The Qur'an then is inimitable and, therefore, untranslatable. Any translation, however accurately done, and however close to the original, cannot reproduce the sense and beauty of the original. Therefore, when one is reading a translation, he is not reading the Qur'an per se. No surprise then that the best effects are lost. No wonder also that the scholars of old would not allow translation of the Qur'an. This is also Ibn Taymiyyah's opinion. In fact there is a consensus of opinion among the scholars that the Qur'an should not be quoted in ‘sense' or ‘meaning' but always in its original textual words. How can then one be allowed to translate the Qur'an and call it the Qur'an?
Accordingly, if permission to translate the Qur'an has been granted due to modern exigencies, it is on condition that sufficient notes are supplied to overcome the deficiencies arising out of the translation. Further, it is required that the new work be called "interpretative translation of the Qur'an" (tarjumah tafsiriyyah), or, "the translation of the meaning of the Qur'an," rather than "the translation of the Qur'an" or, what would be more audacious, "the meaning of the Qur'an," since none of these are within human power (Manahil al `Irfan, Zarqani).

Linguistic Difficulties
There are many linguistic difficulties that make the Qur'an untranslatable. In Arabic one expresses sense rather than meaning. A beautiful Arabic sentence that can enrapture the mind and touch the soul becomes insipid in another language. Not only sentences or words, even single consonant letters are hard to translate. For example, the "fi" of Arabic has a depth that is lacking in the "in" of English. One needs a whole ugly, terse, and unmusical word in English to translate mere letters such as:

و ف إنَّ

Obviously, the complications with the words are far greater than those with the letters. Arabic is a language in which words are based on consonantal roots, from which are derived scores of words in various forms giving out various meanings but remaining, even if loosely and distantly, connected in sense and letter‑content to the root. `Ayn for instance can mean: an eye, a spring, a spy, a group of people, evil‑eye, honor, a flag, a girl, etc. `Afw stands for effacement, obliteration, elimination, forgiveness, amnesty, boon, kindness, favor, surplus, and others. The translated word must on the one hand give out the basic meaning and, on the other, convey several nuances the original carries. Obviously, to achieve that is well‑nigh impossible.
Let us take an example (4: 4):

وَآتُوا النِّسَاءَ صَدُقَاتِهِنَّ نِحْلَةً [النساء : 4]

"Give the women their dowries (as a gift) spontaneous,"
In this example, the word saduqat is derived from the root sadaqa ( صَدَقَ ) which means, with the addition of various suffixes or prefixes: ‘to speak the truth, to be sincere, to prove to be true, to come true, to fulfill one's promise,' and so on. Now, a true translation of the derived term saduqa, (plural: saduqat صَدُقات ), should carry in its overtones the sense of truth and sincerity. That is, ‘a gift that is offered (by the groom to the bride), as an expression of his sincerity toward her and the relationship he is proposing.' To render it as dowry, with the connotation that the language and culture of the readers carry, is to mutilate it.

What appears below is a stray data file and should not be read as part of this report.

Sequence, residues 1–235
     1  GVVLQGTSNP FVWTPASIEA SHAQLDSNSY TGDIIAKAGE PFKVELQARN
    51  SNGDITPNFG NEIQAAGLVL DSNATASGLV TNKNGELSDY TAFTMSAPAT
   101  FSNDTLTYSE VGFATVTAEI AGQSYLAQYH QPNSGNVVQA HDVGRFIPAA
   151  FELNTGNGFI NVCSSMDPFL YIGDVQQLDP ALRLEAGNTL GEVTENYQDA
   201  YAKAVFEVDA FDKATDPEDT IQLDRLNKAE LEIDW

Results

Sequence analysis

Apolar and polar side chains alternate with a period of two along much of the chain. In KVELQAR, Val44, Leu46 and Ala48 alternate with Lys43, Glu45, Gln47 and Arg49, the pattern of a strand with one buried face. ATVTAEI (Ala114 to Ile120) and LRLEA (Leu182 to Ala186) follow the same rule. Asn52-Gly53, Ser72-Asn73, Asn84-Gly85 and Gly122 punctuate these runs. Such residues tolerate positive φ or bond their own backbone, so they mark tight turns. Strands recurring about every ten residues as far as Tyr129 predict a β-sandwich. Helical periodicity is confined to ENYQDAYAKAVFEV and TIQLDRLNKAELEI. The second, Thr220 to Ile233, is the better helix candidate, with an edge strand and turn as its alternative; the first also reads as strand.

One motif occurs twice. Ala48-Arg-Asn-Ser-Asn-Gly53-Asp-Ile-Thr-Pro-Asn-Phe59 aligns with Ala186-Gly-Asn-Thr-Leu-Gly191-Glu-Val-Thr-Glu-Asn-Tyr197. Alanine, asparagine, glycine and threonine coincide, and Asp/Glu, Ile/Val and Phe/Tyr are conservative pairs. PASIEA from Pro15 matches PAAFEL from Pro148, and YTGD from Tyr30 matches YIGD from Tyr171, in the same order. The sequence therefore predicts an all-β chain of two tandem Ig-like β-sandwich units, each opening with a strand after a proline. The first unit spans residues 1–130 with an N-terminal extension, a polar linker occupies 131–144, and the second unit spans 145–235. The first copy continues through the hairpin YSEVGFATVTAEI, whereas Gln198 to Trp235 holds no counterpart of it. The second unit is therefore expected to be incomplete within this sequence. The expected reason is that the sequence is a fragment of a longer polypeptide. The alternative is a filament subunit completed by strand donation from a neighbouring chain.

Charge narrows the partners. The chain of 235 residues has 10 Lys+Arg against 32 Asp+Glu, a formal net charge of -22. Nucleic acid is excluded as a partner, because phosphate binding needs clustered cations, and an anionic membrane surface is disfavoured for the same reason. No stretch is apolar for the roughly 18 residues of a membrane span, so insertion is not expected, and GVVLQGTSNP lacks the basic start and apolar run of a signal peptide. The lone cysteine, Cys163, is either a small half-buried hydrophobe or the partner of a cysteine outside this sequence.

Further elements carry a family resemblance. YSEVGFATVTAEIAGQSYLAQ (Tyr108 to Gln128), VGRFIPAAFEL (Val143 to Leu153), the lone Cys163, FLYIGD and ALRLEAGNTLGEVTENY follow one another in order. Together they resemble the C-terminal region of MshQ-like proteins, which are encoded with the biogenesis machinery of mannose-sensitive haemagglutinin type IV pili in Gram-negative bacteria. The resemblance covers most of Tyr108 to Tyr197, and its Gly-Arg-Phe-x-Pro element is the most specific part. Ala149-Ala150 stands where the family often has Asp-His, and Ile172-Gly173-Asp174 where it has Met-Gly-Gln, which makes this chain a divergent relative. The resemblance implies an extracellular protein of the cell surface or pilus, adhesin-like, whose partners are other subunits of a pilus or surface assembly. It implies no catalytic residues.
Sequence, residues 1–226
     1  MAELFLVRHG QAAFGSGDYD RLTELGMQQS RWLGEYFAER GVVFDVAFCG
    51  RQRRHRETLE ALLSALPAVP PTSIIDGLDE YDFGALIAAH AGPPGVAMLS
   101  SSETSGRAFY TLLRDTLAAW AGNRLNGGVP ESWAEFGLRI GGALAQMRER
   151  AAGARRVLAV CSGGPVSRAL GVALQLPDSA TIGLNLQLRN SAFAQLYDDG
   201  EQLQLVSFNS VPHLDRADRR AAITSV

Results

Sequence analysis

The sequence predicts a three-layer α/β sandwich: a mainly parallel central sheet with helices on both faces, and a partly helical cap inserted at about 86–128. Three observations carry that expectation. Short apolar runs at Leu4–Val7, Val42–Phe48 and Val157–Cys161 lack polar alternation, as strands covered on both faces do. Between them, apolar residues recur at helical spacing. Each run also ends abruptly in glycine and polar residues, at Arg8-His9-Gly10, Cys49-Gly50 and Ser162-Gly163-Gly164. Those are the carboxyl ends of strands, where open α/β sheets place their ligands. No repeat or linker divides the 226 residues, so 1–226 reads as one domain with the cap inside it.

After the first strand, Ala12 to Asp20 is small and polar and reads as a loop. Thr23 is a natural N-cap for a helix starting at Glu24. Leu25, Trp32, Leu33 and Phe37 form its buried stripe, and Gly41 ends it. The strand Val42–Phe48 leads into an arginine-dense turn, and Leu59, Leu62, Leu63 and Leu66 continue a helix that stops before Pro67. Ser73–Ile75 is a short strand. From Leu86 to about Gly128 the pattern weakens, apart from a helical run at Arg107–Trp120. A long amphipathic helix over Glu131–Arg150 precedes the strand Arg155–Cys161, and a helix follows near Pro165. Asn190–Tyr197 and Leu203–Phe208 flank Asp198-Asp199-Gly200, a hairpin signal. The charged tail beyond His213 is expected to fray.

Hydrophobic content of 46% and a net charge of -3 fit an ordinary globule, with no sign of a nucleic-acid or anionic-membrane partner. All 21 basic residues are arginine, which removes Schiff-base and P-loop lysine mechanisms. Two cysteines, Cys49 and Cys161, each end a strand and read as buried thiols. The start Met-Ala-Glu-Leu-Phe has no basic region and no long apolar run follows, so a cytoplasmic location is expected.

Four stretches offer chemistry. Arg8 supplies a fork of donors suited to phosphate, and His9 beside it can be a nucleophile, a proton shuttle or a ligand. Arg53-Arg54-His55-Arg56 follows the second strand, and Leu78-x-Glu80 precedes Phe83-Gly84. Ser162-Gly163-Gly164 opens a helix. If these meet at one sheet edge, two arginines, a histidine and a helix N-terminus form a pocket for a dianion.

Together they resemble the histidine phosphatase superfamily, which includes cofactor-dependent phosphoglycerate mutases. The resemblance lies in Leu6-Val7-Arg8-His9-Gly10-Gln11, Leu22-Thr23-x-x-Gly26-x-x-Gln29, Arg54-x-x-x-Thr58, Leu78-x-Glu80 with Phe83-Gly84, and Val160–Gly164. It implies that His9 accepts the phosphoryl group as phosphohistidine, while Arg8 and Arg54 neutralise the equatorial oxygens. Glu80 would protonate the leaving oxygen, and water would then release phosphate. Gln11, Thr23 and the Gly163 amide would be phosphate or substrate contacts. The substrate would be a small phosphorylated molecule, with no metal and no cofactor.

In addition to the problem of words that yield several meanings, the complex structure of the Qur'anic verses admit of many interpretations (well described by Muhammad Asad as unfolding of "layer upon layer of meaning") from which the translator can choose but one, without necessarily being right in his choice. This means that, granted the translator did not err, the translation conveyed only one meaning out of the several contained in the Qur'an.
As another example, the following is speaking of the unbelievers (11: 20):

يُضَاعَفُ لَهُمُ الْعَذَابُ مَا كَانُوا يَسْتَطِيعُونَ السَّمْعَ وَمَا كَانُوا يُبْصِرُونَ [هود : 20]

"For them the chastisement shall be doubled; (for) they could not hear, neither did they see."
It can be translated in at least six different ways, three of them depending on how the letter "maa" is treated: whether of the same meaning as "lamu kayy," ( لامُ كَي ); as a synonym of "ila," ( إلى ); or as a negative "maa". Obviously such possibilities, which occur quite often, can leave the translator baffled as to his own choice during translation.
Another linguistic difficulty is that many Arabic and Qur'anic terms do not have proper equivalents in other languages, especially the languages of the occident. Allah, al‑Rahman, al‑Rahim, jihad, salah, zakah, sadaqah, `ibadah, al‑ghayb, kufr, nur, fisq, taghut, nabiyy, rasul, ghaniyy, are a few examples from a long list.
If, to the above are added the difficulties of `ijaz (ellipticism), rhetoric, alliteration, resonance and rhythm (all of them present in the Qur'an in their most excellent forms and in the highest degree of expression), then the job of translation becomes a hopeless task.
But the impaired meaning is not the only casualty. The loss in terms of beauty, charm, appeal, elation and the ecstasy that a reader feels on reading the Qur'an in its original is immeasurable.
Therefore, it can be safely said of a person who has always read the Qur'an through translations alone, that he did not read the Qur'an once.

Commentaries
Trying to understand the Qur'an with the help of commentaries is no less hazardous. Some reasons are as follows.
Essentially, commentaries are of two kinds. Those that are based on the Qur'an itself, supported by the hadith and opinions of the Companions, or their next‑generation Followers (tabe`iyyun). These are known as al‑tafsir bi 'l ma'thur ( التفسير بالمأثور ) i.e., interpretation based on report or tradition.